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do parrots have a dominant foot?

Are Parrots Left or Right Footed? (Handedness in Birds)

(Last Updated On: May 10, 2023)

Handedness was once considered unique to humans, but research shows that parrots favor one side of their body. About 80% of parrots prefer to use their left-hand side.

Handedness enables parrots to forage for food and avoid mid-air and head-on collisions during flight. Juvenile parrots are more likely to be ambidextrous but soon cease this behavior.

While studies are ongoing, researchers can test whether parrots are left or right-footed by observing their behavior using a series of tests and analyzing the results.

Do Parrots Have a Dominant Foot?

Research shows that parrots use one side of their body more. However, they’re not born this way, adopting a specific side over time.

According to Animal Behavior, researchers recorded the eye and foot preferences of 322 individual parrots from 16 Australian species while investigating potential food.

Researchers observed a strong correlation between the eye parrots viewed food with and the foot they used to pick it up. Parrots choose to use their left eye and left foot or right eye and right foot.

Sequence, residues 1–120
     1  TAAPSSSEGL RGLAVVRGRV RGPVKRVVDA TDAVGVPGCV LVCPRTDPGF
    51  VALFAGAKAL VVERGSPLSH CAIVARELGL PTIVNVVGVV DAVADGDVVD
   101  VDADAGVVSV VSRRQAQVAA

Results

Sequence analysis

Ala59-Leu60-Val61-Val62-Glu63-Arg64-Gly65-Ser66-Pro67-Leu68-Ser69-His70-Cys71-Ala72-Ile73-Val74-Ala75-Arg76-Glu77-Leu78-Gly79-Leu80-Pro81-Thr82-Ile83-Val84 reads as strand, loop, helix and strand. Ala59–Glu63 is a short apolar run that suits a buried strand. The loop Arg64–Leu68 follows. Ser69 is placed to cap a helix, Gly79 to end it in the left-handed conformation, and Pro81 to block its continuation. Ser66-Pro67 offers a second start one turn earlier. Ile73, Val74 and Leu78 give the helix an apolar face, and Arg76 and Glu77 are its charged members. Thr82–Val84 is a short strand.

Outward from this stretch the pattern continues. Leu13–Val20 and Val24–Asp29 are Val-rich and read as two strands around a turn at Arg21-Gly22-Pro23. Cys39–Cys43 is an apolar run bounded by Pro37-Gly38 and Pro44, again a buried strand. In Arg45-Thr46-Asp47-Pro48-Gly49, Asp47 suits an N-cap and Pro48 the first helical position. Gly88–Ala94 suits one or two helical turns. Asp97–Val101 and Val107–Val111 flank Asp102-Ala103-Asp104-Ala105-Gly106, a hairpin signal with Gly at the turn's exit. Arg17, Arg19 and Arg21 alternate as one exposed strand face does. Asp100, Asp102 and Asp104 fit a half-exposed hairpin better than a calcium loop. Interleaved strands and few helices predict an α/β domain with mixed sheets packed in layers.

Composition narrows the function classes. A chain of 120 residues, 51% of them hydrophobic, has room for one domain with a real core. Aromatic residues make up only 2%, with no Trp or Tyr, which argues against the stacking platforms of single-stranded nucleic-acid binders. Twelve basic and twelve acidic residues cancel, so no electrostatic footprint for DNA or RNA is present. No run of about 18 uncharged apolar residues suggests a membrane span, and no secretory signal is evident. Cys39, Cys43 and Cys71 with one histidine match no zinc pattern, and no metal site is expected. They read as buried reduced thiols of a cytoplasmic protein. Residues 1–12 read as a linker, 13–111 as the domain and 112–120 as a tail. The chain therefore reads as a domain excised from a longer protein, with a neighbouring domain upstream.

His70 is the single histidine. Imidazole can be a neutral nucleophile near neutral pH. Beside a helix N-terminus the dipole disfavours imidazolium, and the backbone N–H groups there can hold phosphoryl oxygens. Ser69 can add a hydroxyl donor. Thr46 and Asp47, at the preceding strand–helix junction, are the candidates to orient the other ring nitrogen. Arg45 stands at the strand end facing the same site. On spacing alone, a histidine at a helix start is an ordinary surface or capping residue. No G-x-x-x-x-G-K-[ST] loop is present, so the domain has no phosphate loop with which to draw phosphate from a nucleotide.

By exhibiting this behavior, parrots use one eye to view the object and then the foot on the same side to grasp it, which allows them to scrutinize food. During the study, the researchers also found that:

  • 47% of parrots were left-handed.
  • 33% of parrots were right-handed.
  • 20% of parrots were ambidextrous.

The cockatiel was the only parrot species with no relationship between eye and foot preferences.

Researchers theorize that cockatiels forage differently than other parrots, feeding on small grass seeds that require little foot-to-eye coordination.

Juvenile parrots that were just fledged experiment with both feet before they settle on one side.

Are All Parrots Left-Handed?

Not all parrots are left-handed, but they use the left side of their bodies more than the right. According to Scientific American, 70-95% of humans are right-handed, and only 1% are ambidextrous.

Similarly, the same study found that all sulphur-crested cockatoos are left-handed. Researchers and scientists are yet to find any that use their right feet to pick up food and other objects.

However, parrots aren’t born left-handed; they develop handedness once they realize they prefer using their left foot more than the right.

How Is Handedness Tested For In Parrots?

We measure handedness by observing parrots and monitoring how they interact with food. In Left-Handedness in Parrots, researchers studied handedness in 20 caged birds under uniform conditions.

During the study, researchers placed a slice of apple measuring 2 inches long and 1/4 inch wide on the floor in front of each cage where the parrots could reach it from both the left and right sides. They then observed and recorded the birds’ behavior, repeating the test with carrot slices.

A year later, researchers repeated the study and discovered that once parrots pick up their food, they don’t shift it from one foot to the other.